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Publication numberUS20020131479 A1
Publication typeApplication
Application numberUS 09/966,256
Publication dateSep 19, 2002
Filing dateSep 27, 2001
Priority dateOct 17, 2000
Also published asEP1327311A2, US6680727, WO2002033840A2, WO2002033840A3
Publication number09966256, 966256, US 2002/0131479 A1, US 2002/131479 A1, US 20020131479 A1, US 20020131479A1, US 2002131479 A1, US 2002131479A1, US-A1-20020131479, US-A1-2002131479, US2002/0131479A1, US2002/131479A1, US20020131479 A1, US20020131479A1, US2002131479 A1, US2002131479A1
InventorsPaul Bender, Brian Butler, Yu-Cheun Jou, Haitao Zhang
Original AssigneeButler Brian K., Haitao Zhang, Bender Paul E., Yu-Cheun Jou
Export CitationBiBTeX, EndNote, RefMan
External Links: USPTO, USPTO Assignment, Espacenet
Method and apparatus for canceling pilot interference in a CDMA communication system
US 20020131479 A1
Abstract
Techniques for canceling pilot interference in a wireless (e.g., CDMA) communication system. A received signal typically includes a number of signal instances (i.e., multipaths). For each multipath desired to be processed, the other multipaths act as interference on the desired multipath. If the pilot is generated based on a known data pattern (e.g., all zeros) and covered with a known channelization code (e.g., a Walsh code of zero), then the pilot in an interfering multipath may be estimated as the spreading sequence at a time offset corresponding to the arrival time of that multipath. The pilot interference from each interference multipath may be estimated based on the spreading sequence for the interfering multipath and the despreading sequence for the desired multipath. The total pilot interference from a number of interfering multipaths may be subtracted from the data component in the desired multipath to provide pilot-canceled data having improved performance.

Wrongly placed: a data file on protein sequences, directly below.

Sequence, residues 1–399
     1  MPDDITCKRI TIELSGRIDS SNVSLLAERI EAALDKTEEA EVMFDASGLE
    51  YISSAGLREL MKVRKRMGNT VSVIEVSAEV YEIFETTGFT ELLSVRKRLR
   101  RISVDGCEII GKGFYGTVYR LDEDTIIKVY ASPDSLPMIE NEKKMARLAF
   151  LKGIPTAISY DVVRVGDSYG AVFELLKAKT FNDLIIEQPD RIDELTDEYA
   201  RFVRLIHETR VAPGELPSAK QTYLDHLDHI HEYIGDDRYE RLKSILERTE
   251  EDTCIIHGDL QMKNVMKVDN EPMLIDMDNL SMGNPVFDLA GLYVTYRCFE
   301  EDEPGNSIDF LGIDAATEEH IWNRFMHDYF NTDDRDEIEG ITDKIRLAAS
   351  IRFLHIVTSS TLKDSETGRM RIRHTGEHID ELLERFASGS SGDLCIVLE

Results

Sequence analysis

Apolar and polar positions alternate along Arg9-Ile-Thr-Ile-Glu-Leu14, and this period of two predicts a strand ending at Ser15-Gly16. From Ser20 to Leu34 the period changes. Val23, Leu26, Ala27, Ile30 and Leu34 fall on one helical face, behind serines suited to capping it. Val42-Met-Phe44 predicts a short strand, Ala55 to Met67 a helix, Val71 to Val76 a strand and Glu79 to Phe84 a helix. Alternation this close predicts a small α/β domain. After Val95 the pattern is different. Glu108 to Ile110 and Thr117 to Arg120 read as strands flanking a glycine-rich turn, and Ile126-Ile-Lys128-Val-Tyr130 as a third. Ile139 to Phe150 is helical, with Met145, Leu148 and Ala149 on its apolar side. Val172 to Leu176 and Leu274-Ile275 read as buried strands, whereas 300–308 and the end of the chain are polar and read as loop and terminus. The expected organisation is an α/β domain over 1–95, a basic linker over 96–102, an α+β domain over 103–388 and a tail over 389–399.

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Claims(29)
What is claimed is:
1. In a wireless communication system, a method for canceling pilot interference at a receiver unit that receives first and second pilot signals and first and second data signals, comprising:
generating a first PN sequence corresponding to the first pilot signal;
despreading the first PN sequence with a second PN sequence corresponding to the second pilot signal;
multiplying the despread first PN sequence with an estimated gain and phase of the first pilot signal to generate a first multiplied signal; and
subtracting the first multiplied signal from the second data signal.
2. The method of claim 1, further comprising:
despreading the second PN sequence with the first PN sequence;
multiplying the despread second PN sequence with an estimated gain and phase of the second pilot signal to generate a second multiplied signal; and
subtracting the second multiplied signal from the first data signal.
3. The method of claim 2, further comprising:
receiving a modulated signal comprised of a plurality of signal instances, wherein a first signal instance includes the first pilot signal and the first data signal and a second signal instance includes the second pilot signal and the second data signal.
4. The method of claim 2, further comprising:
decovering each of the first and second despread PN sequence, wherein the decovering for each despread PN sequence includes
multiplying the despread PN sequence with a channelization code, and
accumulating the multiplied PN sequence over an integer multiple of a channelization code length.
5. A system for canceling pilot interference in a receiver unit that receives first and second pilot signals and first and second data signals, comprising:
a first PN generator configured to generate a first PN sequence corresponding to the first pilot signal;
a first despreader configured to despread the first PN sequence with a second PN sequence corresponding to the second pilot signal;
a first multiplier configured to multiply the despread first PN sequence with an estimated gain and phase of the first pilot signal to generate a first multiplied signal; and
a first adder configured to subtract the first multiplied signal from the second data signal.
6. The system of claim 5, further comprising:
a second PN generator configured to generate the second PN sequence;
a second despreader configured to despread the second PN sequence with the first PN sequence;
a second multiplier configured to multiply the despread second PN sequence with an estimated gain and phase of the second pilot signal to generate a second multiplied signal; and
a second adder configured to subtract the second multiplied signal from the first data signal.
7. The system of claim 6, further comprising:
a first decoverer configured to decover the despread first PN sequence; and
a second decoverer configured to decover the despread second PN sequence.
8. The system of claim 7, wherein each of the first and second decovers includes
a multiplier configured to multiply the despread PN sequence with a channelization code, and
an accumulator configured to accumulate the multiplied PN sequence over a channelization code length.